Skip to main content

Talisman’s biggest stumbling blocks – its North Sea assets – frighten potential buyers of the company, CEO Hal Kvisle says.

The stormy waters of the North Sea keep buffeting Talisman Energy Inc.'

Its troublesome assets in the region are preventing Talisman shares from gaining on successes elsewhere around the world, and keeping potential buyers from surfacing. The company's position offshore U.K. and Norway, where operational reliability has been spotty, may even make it hard to attract a new chief executive officer when Hal Kvisle steps down later this year.

Shareholders, the largest of which are some of the continent's most prominent institutional investors, may have to wait for several months more for the stock to leave its current range while Talisman figures a way to jettison the assets, analysts said.

The North Sea difficulty and contractual obligations there – Mr. Kvisle calls it "intractable inertia" – have been the main factor in the disappointing share performance. At Monday's unchanged close of $11.15 on the Toronto Stock Exchange, Talisman is down 7 per cent in the past year and 15 per cent since Oct. 7, when renowned activist investor Carl Icahn surfaced as a major shareholder. The TSX capped energy index, meanwhile, has jumped 24 per cent in the past year and 19 per cent since early October as a frigid winter pushed up the price of natural gas.

Talisman shares recently gained ground following better-than-expected financial results, then on some buzz before last week's investor open house. They fell back both times. The entrance of an activist shareholder often leads to strong gains as companies respond with drastic changes.

It appears Mr. Icahn, who now has two representatives on the board, found Talisman's North Sea problems tougher to solve than first thought. As part of its 2012 agreement with China's Sinopec Corp., when it sold a 49-per-cent stake in the U.K. North Sea business for $1.5-billion (U.S.), Talisman committed to $2.5-billion for five years.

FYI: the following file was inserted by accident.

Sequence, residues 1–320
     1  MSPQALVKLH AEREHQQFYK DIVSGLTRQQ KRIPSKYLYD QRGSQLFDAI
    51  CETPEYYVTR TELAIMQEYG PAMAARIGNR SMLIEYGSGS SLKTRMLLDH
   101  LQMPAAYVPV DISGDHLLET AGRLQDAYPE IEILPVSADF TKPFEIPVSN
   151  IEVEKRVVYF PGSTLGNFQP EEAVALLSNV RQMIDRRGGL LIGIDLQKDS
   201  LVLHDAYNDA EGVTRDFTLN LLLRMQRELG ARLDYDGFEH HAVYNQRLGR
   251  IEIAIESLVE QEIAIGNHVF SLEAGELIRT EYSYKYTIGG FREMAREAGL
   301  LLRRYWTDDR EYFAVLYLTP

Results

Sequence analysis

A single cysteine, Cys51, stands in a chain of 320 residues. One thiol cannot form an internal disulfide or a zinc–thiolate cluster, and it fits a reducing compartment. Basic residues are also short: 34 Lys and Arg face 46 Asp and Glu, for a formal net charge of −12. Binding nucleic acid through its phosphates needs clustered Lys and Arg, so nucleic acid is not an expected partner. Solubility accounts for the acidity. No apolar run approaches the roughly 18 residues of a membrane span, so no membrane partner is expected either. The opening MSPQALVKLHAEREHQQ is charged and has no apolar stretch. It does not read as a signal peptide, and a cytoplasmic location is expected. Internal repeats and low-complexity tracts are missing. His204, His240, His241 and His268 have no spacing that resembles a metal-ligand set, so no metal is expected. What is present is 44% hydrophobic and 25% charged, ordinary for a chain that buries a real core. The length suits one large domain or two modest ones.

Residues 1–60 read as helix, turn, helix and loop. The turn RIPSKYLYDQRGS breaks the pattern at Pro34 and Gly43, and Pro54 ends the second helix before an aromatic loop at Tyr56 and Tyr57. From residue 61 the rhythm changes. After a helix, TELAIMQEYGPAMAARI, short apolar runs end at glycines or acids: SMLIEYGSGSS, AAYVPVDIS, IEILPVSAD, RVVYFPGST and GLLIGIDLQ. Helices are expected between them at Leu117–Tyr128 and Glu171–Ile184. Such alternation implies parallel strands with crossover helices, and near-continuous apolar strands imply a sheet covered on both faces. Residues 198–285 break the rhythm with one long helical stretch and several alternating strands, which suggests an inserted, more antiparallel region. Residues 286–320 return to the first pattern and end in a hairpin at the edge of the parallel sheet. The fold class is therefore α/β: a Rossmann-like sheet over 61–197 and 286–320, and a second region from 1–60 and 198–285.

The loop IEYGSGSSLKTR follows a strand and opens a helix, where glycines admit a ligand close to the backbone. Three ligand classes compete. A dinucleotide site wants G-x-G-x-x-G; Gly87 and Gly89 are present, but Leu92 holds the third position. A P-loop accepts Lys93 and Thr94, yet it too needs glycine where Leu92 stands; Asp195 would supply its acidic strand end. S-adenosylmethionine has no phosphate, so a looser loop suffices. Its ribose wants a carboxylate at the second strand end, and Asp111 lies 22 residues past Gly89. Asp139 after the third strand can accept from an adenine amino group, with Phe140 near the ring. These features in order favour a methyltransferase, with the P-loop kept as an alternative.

Talisman's spending on so called non-core assets, such as the North Sea and Kurdistan, makes up 30 per cent of the annual budget. Now, analysts say, the spending has become like keeping up mortgage payments on a house whose value has plummeted. In fact, by some calculations, the U.K. North Sea assets have transformed into liabilities, said Michael Dunn, an analyst at FirstEnergy Capital Corp.

"With the present value of future free cash flows, including abandonment liabilities, depending on your outcome, there are certain scenarios where the U.K. is worth less than zero," Mr. Dunn said.

The assets have been hampered by maintenance and reliability problems. In the first quarter, Talisman's share of output was 18,000 barrels of oil equivalent a day, down from 21,000 the year before.

"I don't know if it is worth less than zero, but certainly, the commitments they have there and where they are with some of these fields – some of them have fairly significant liabilities associated with them," said Desjardins Securities analyst Justin Bouchard. "That's, no question, worrying on the stock."

Mr. Kvisle, the former head of TransCanada Corp., put his retirement on hold in late 2012 to help reduce the complexity of Talisman, which had assets sprinkled through numerous countries. He has since sold $2-billion of holdings, and has promised more.

Still, the company's top shareholder remains confident that Talisman will be able complete its refocus onto two main regions – Southeast Asia and the Americas – although not necessarily quickly. The simplification process is necessary, said Maarten Bloemen, portfolio manager at Franklin Templeton Investments, which according to Bloomberg data has a 13.9-per-cent stake.

"This company is moving in the right direction, but it is taking time," he said. "We have the opportunity to look longer term for real value realization, rather than the shorter term. I think that's the disconnect that's given us the opportunity to get a position in this company."